Editorial: Cow export concern overstated

It was predictable. Clearly so.

But is the fate of the animals at the centre of a new controversy as clearly predictable as some would have us believe? It's hard to argue that, in my view.

What was clear when the Herald ran the story yesterday about 7200 dairy cows being transported to China to be involved in the dairy industry there was that there would be criticisms, outrage even, over the announcement. And that came, but it certainly wasn't widespread. There was the statement from the Green Party about greater restrictions being placed on the export of live animals during a review of the Animal Welfare Act. It said the review should be about minimising live exports.

Green list MP Julie Anne Genter went as far as to say that "We can sell our good stock to other countries through exporting genetic material. We shouldn't be sending the animals themselves".

She added that "the criteria by which the minister allows animals to be exported also need to include considerations about the ongoing welfare of animals in the importing country".

Which seems a valid point, but when placed alongside the previous paragraph is somewhat confusing. If there are concerns about the welfare of dairy cattle in China, then what's the difference between cows we send from here potentially being mistreated and cows born there that we contribute genetic material to being mistreated, when it comes down to it?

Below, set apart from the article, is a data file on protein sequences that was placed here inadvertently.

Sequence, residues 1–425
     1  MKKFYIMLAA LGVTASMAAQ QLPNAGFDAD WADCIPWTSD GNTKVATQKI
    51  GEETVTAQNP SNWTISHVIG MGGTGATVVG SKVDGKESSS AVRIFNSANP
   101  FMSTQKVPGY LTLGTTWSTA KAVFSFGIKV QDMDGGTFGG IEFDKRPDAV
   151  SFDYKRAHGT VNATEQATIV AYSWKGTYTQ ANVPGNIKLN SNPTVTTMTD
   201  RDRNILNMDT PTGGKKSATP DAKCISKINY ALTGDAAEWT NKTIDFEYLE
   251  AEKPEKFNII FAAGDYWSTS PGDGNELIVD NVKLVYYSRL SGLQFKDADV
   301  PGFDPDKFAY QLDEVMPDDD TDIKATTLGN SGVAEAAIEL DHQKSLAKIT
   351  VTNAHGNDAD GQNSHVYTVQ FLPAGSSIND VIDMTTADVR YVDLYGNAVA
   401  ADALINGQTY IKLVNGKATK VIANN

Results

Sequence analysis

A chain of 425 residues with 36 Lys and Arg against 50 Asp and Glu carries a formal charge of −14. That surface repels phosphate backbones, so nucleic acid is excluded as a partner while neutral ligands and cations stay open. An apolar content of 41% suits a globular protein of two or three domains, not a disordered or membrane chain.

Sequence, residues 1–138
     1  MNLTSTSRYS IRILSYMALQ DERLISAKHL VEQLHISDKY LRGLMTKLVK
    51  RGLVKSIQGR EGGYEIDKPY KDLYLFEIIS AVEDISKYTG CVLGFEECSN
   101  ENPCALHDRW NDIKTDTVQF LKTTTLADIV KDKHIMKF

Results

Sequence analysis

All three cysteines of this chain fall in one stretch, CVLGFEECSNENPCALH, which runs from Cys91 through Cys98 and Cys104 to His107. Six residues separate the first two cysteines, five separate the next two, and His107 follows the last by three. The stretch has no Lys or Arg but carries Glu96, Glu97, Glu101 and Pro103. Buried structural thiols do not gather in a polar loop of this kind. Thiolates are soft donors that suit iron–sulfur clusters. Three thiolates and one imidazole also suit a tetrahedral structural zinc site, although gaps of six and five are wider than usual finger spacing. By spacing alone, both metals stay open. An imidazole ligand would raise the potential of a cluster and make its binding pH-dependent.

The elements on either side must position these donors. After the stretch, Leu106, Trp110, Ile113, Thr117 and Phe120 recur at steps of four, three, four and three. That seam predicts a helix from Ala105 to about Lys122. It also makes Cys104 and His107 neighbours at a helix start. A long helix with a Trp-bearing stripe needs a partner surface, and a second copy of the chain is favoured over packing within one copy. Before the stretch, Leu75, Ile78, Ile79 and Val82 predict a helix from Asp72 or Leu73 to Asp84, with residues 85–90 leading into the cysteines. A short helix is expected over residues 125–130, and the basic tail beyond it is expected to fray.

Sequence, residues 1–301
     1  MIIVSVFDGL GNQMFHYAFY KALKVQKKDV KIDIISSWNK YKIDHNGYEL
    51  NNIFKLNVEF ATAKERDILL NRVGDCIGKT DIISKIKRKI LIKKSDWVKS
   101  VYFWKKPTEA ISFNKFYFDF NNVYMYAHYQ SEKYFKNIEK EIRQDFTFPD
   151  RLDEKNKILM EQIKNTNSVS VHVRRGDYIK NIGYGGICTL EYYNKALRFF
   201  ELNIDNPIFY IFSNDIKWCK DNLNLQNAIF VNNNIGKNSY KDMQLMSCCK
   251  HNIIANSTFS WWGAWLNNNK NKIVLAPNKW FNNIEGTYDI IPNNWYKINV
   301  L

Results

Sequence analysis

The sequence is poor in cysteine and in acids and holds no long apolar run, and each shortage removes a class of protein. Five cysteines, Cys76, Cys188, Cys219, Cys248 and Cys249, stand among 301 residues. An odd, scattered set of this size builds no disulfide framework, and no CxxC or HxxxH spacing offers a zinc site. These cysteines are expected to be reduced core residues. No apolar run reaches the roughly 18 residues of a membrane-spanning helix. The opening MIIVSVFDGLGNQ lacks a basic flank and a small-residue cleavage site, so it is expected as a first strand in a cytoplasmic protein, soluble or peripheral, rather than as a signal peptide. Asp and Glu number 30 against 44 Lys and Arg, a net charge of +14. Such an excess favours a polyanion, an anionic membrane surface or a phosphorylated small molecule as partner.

Of course, there are legitimate concerns, and these were echoed by a handful of commenters on the Herald's story, about the way the dairy cows will be treated on the voyage to China, as well as once they're in China. Those should be raised, and if those expressing opposition can advance genuine evidence that the animals are likely to be mistreated, then the company carrying out the transfer should be confronted over it.

But a couple of factors suggest that this may not be as big a concern as some would like to make out. The first is that the Herald understands such transfers already take place; it's just the sheer size of this one that has brought it to widespread attention.

Secondly, these are highly prized dairy cows, for which the importers have paid an extra $500 above the going rate per animal to secure them. Rather than mistreat them then, there should be a concerted effort to keep them healthy and productive and able to reproduce.

Of course, Ms Genter is right that we have no guarantee over the cows' safety, but mistreating them would be tantamount to squandering an expensive investment.

The Timaru Herald